Magazine article Editor & Publisher

145 Stores Closing Doors, Denting East Coast Papers

Magazine article Editor & Publisher

145 Stores Closing Doors, Denting East Coast Papers

Article excerpt

Retailer Caldor bankrupt despite annual sales of $2.5 billion

The announced closing of bankrupt Caldor, a Northeast retail powerhouse with annual sales of $2.5 billion at 145 stores in nine states, is bad news for the region's newspapers.

"It will hurt us in terms of revenue," says The Boston Globe's local retail advertising manager Thomas Folan, who says Caldor spent $1.2 million with the Globe in 1998, mostly for preprints.

"There will be a significant loss in revenue," says Howard Griffin, vice president of advertising for the Journal Register Co., which publishes the New Haven (Conn.) Register. "They ran preprints almost every week."

Though the stores won't close until mid-May, the company has recently changed its advertising, with less expensive in-paper (ROP) ads replacing the pre-prints. That has happened at the Register and The Record in Bergen County, N.J. "They stopped preprints. Our guess is it's an investment they can't afford," says Lou Stancampiano, display advertising manager at the Record. "It's typical of companies that go out of business. It becomes an ROP pattern that increases the percent of discount over a period of time until the stores are liquidated."

A Caldor spokesman declines to provide the size of the company's ad budget. "I don't have information on that, nor do I have access to that information," says the spokesman, who adds no one at Caldor would make that information public.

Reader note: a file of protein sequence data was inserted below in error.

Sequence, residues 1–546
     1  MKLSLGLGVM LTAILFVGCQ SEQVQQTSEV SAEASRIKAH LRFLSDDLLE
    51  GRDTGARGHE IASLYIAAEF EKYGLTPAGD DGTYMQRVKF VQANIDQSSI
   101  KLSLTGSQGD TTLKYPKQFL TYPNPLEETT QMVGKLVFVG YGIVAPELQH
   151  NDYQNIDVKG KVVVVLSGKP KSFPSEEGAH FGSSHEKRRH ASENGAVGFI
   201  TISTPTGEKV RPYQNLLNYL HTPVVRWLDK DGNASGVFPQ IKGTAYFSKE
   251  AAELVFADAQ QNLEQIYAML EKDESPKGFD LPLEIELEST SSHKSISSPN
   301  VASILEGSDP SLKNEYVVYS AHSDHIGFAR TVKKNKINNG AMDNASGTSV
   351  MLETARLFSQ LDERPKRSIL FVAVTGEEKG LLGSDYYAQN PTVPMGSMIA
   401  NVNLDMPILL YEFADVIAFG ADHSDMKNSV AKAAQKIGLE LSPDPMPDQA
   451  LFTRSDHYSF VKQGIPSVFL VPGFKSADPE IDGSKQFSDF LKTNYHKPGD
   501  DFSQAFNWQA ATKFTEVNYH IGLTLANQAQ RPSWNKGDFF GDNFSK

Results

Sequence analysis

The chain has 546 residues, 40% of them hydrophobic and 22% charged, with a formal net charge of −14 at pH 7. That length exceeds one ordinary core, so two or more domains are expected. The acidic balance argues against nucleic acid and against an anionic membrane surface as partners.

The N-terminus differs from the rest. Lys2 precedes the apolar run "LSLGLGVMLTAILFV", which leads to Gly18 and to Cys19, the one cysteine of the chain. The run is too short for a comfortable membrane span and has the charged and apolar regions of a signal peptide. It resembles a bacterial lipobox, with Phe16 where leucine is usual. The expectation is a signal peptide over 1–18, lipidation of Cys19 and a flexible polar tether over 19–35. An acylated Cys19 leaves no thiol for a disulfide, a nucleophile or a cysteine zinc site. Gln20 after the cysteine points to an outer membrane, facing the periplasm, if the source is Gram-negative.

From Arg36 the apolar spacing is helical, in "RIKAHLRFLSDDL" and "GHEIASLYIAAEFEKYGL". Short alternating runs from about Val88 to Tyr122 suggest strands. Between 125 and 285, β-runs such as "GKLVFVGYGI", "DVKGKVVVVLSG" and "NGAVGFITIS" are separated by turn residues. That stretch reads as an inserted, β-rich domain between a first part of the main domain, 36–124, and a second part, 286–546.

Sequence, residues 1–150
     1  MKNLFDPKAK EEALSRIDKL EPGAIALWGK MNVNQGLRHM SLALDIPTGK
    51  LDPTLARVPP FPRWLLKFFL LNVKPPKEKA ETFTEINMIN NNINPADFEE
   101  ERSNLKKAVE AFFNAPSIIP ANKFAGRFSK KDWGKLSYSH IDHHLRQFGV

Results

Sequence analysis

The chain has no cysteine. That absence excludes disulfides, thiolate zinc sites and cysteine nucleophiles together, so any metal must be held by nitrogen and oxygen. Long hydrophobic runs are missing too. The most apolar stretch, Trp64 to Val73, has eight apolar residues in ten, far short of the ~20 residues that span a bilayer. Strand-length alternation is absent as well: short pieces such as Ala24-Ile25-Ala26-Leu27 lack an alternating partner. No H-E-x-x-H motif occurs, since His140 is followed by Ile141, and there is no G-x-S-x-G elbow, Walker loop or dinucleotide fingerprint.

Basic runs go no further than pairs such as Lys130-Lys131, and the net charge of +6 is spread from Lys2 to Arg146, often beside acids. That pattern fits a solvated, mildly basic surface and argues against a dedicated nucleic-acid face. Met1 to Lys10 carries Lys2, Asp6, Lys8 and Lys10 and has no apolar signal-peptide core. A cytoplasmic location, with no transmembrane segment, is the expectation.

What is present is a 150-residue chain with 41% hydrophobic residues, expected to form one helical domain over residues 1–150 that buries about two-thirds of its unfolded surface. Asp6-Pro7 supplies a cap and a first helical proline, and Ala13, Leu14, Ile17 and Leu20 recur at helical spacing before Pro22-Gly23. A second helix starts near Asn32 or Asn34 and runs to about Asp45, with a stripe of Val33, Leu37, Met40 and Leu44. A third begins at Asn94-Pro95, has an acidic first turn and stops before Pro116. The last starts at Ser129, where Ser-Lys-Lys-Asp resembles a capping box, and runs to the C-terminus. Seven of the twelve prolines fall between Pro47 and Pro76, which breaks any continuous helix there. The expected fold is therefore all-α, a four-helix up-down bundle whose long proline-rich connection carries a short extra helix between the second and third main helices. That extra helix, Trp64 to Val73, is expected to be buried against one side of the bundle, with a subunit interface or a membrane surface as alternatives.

Liquidation is expected to begin in February, after an auction determines which liquidation company will get the job, according to Peter Chapman, president of Bankruptcy Creditor Services, a Princeton, N.J., firm that has been following the action closely.

The liquidation company will become the final Caldor advertiser, after it buys all of Caldor's merchandise. "Look for something less than a full page once a week," Stancampiano says, "not substantial and not the equivalent of the preprint revenue. From here on in we start losing revenue on a weekly basis until it's all gone."

The situation is bad, but not unexpected, since Caldor filed for bankruptcy in 1995 and has been heading for closure. "They were winding down in Philly over the last couple of years, so the hit to us was less than half a million," says Todd Brownrout, vice president of sales and marketing at The Philadelphia Inquirer and The Philadelphia Daily News. …

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